That ended the flying for Saturday, so your scribe loaded up the car with his three zero-point models and went off to sweat the night away (it had been a very hot day!) wondering how on earth he could get onto the score-board!
Sunday’s weather was clearly going to be a repeat of the day before, although the wind had moved through 180° overnight. Answering the Captain’s call to re-berth the ship, his stalwart dockyard mateys gathered round the deck, and on the old navy shout of “Two-Six!” heaved-ho and shifted HMS Incredible to her new mooring.
First away was Peter Tribe with his Meteor III, putting in a set of very competitive flights. After a relatively slow first seven laps on flight 1 (30.3) he opened up the twin electric motors and recorded 25.8, which together with 69.7 for the loiter segment proved to be the his best flight, scoring 220.6 for what would turn out to be 3rd place overall.
One of Peter Tribe’s electric Meteors – superb fliers!
Feeling encouraged by his WWOCC scoring flight on Saturday, Chris Howells flew his Pup again for a 31.3 on the fast section, but lost power and ditched for no improvement in his score. Reverting to his trusty Corsair 2, he could only record a fast time of 32.5 (slower than the Pup!) and then ditched again. For many reasons, Sunday was not going to be a good day for the Langley club flier…(more foreshadowing!)
Fred Skinner’s Seamew was ready to go as soon as Chris cleared the deck, and impressed with an initial no-nonsense flight clocking 36.6 and 101 seconds for the two segments, nicely finished by a perfect landing. This would have been rewarded with 8th place overall but for two overshoots (his second flight was aborted early), leaving him in 9th position.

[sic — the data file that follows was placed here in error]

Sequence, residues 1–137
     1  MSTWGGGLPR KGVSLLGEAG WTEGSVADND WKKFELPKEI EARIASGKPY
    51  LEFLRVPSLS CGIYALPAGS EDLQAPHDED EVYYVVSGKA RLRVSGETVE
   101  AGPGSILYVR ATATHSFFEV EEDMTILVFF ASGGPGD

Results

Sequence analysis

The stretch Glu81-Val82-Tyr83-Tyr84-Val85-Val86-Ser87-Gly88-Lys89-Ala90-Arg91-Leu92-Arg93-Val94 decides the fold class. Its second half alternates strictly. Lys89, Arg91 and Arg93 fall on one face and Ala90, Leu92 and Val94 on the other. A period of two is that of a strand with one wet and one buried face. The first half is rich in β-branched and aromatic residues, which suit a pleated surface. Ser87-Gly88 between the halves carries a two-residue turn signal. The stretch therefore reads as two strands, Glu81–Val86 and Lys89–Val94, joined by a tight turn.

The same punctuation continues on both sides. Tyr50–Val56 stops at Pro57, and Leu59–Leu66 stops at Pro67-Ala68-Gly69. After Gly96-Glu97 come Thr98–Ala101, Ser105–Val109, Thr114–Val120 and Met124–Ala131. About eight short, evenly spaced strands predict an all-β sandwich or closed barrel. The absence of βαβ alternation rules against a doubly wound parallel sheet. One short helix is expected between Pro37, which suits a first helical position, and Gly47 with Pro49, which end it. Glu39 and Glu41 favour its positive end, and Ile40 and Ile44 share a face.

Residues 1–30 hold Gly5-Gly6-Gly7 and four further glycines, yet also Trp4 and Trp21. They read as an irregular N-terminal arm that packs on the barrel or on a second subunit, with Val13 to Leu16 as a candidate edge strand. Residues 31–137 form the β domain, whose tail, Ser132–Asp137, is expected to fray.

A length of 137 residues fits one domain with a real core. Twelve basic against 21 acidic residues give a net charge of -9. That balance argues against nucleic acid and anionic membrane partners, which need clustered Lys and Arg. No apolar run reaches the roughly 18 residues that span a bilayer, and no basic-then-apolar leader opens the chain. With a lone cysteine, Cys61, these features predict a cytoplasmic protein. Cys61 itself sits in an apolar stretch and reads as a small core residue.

This was just behind the ever-creative and forthright Mike Welch from Marlborough, who was next up with his beautiful 4-stroke–powered Sopwith Pup, which was competing in the WWOCC class as well as BCD.Mike’s first flight was called as an attempt, his second scored a very creditable 132.8, but his third flight has to be rated the best flight of the meeting, netting 181.4 (42/104) points, and remember: this is with a full-fuselage biplane, a four-stroke engine, and in a new class. Hats off to him, and to Andy for the great idea of flying to commemorate the Great War and the pioneers of naval aviation.
No apologies for showing Mike Welch and his Pup again – what a lovely model (and the Pup is nice too!)
The next model, David Cowburn’s U2 again, contrasting brilliantly with the Pup, symbolised the truly amazing technical advances in full-sized aviation and carrier flying over the past century. The prototype U2 was designed in the late fifties, and flew throughout the Cold War on spy flights across the Soviet Union, and is still in use today (albeit in a highly developed version) to reconnoitre the world’s trouble-spots. It’s not widely known that it also flew (?flies?) from US carriers where the mission distances demand pre-positioning before take-off – nothing is known for sure as the pilots of these machines are members of the CIA! What is definitely known is that David does very well with his U2 and is usually an expert at getting the best out of it, although this meeting proved problematic by his high standards. He was unable to improve upon his Saturday best of 156 points, chalking up a ditching and two zero-point arrivals for a high of 60.7 over his three attempts.